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Director Profile: John Kowalchuk (PCN Spring 2016) MAR 29 2016 | Consumers and Producers | Pulse Crop News

This article appeared in the Spring 2016 issue of Pulse Crop News.

John Kowalchuk, APG Director-at-Large (Non-Bean)

John Kowalchuk lives in the Trochu area. He was elected to a one-year term as APG’s Director-at-Large (Non-Bean) in January.

Pulse Crop News: Please tell us about your family and your farm.

John Kowalchuk: I have a grain farm at Rumsey which is about 40 miles north of Drumheller. My father started farming at this site in the early 1950’s. My wife Paula is an insurance broker in Trochu and we have three children, Jayden, 19, Kassidy, 17, and Kaley, 13.

PCN: What has been your experience with growing pulse crops?

JK: I started growing yellow peas about 10 or so years ago. I found them to be a good fit on my farm as they can go in the ground early as well as be harvested early most years. I farm mostly by myself so this has been a great help at spreading out my work load. The agronomic benefits have been great as well. I’ve seen better wheat yields and protein, as well as increased yields in canola with a more rounded rotation. This past year, I planted 30 acres of soybeans to test the viability in my area and had good results and plan on increasing my acres this year. I am in a non-traditional area to grow them but feel potential is there.

PCN: What percentage of your crop was made up of pulses last year, and what did you grow?

JK: About 15 per cent of my seeded acres were pulses last year consisting of yellow peas and soybeans.

PCN: What are you planning to grow this year?

JK: I will be growing soybeans and yellow peas again this year as well as seeding some yellows for my father-in-law who will be growing pulses for the first time.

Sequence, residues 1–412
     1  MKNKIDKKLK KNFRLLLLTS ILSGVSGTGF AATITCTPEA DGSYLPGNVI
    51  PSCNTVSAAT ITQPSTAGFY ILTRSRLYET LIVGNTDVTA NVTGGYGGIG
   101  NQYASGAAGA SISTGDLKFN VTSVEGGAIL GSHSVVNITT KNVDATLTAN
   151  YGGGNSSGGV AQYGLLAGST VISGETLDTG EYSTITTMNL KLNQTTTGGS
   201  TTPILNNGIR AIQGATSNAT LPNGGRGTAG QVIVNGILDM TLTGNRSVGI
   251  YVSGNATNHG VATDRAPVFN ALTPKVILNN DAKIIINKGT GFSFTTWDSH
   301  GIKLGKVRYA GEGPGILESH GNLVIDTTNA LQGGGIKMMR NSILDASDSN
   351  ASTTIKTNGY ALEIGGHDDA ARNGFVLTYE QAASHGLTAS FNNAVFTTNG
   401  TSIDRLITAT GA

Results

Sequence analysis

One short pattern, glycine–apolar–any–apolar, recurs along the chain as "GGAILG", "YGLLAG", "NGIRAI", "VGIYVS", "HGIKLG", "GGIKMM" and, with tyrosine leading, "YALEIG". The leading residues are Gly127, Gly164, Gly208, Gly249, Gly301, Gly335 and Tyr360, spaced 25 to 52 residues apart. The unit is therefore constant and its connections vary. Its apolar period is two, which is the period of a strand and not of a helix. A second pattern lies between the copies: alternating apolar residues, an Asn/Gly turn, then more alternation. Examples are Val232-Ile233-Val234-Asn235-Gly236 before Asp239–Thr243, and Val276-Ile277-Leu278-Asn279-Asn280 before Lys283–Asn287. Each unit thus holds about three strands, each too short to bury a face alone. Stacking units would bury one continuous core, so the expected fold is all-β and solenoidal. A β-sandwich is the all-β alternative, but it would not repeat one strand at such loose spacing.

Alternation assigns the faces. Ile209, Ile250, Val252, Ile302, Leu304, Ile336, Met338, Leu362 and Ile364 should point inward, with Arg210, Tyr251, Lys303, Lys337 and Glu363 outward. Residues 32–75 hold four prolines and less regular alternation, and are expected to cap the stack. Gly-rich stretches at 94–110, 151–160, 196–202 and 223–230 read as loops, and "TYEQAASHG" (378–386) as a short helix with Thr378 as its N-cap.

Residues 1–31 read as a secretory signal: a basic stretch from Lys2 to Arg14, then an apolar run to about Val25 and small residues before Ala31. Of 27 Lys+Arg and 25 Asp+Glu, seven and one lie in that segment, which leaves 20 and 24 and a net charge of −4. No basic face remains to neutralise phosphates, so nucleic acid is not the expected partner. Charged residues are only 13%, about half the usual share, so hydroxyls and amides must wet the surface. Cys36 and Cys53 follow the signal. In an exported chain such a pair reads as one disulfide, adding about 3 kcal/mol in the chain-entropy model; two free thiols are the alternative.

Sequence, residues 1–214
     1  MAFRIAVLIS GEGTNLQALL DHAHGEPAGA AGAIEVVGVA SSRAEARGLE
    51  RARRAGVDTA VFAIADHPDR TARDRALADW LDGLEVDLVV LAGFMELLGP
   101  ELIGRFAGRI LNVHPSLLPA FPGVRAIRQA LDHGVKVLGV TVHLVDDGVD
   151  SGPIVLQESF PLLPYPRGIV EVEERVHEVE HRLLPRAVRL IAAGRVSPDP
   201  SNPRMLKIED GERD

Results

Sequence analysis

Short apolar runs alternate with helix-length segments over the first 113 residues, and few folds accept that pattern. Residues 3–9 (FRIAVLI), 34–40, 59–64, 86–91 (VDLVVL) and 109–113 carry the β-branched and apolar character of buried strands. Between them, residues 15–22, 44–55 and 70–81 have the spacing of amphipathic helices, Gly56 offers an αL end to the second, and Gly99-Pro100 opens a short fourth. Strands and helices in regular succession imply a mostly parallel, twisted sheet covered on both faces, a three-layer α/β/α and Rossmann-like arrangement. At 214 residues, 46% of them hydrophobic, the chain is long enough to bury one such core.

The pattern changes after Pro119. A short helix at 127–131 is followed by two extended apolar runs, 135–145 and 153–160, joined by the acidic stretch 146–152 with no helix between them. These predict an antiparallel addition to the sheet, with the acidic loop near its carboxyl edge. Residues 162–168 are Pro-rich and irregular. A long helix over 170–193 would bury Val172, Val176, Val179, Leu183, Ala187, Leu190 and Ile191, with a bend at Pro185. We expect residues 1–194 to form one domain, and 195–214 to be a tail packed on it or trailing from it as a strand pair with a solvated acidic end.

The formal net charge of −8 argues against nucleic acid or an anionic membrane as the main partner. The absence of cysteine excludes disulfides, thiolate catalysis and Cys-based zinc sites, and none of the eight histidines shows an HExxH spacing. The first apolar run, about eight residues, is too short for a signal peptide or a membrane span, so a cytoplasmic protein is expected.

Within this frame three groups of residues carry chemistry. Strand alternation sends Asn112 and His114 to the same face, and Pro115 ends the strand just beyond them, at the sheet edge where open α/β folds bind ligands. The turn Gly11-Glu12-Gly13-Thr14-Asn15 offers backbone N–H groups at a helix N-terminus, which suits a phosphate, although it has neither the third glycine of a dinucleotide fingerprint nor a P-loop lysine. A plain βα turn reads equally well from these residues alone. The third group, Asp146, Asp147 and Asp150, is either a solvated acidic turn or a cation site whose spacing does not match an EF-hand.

PCN: What tips or tricks have you learned growing pulses that you could share with new growers?

JK: I guess my tip would be do not under inoculate. I’ve always made sure I place more than enough with the seed to promote good nodulation. Nitrogen fixing is one of the greatest benefits of pulses and without proper handling and delivery of inoculant you will not have very good results.

PCN: What sparked your interest in APG?

JK: I wanted to get more involved in the pulse industry. Being on the APG board will give me an opportunity to promote pulses as well as learn a lot more myself. The timing is right; I looked at it a few years back but with a young family it would have been tough.

PCN: Is there an issue that is particularly important to you?

JK: Disease research and ways to increase production are two things I feel are important to me on a producer level and promoting the benefits of pulses in our diets on the consumer side.

PCN: What was the biggest issue facing your farm last year?

JK: Weather! We went until the middle of July without any major rainfall. My crops held on surprisingly well though and I was still happy with yields.

PCN: Why would you recommend that pulse producers get involved with APG?

JK: Getting involved in APG either at a zone level or on the board is a great way to contribute back to the pulse industry and also a great learning opportunity. I have only been on for about a month and already had some great opportunities to learn and also contribute back. I look forward to this year and all the challenges and learning that it has in store.

Thank you, John. We are looking forward to benefiting from your contributions to the Board.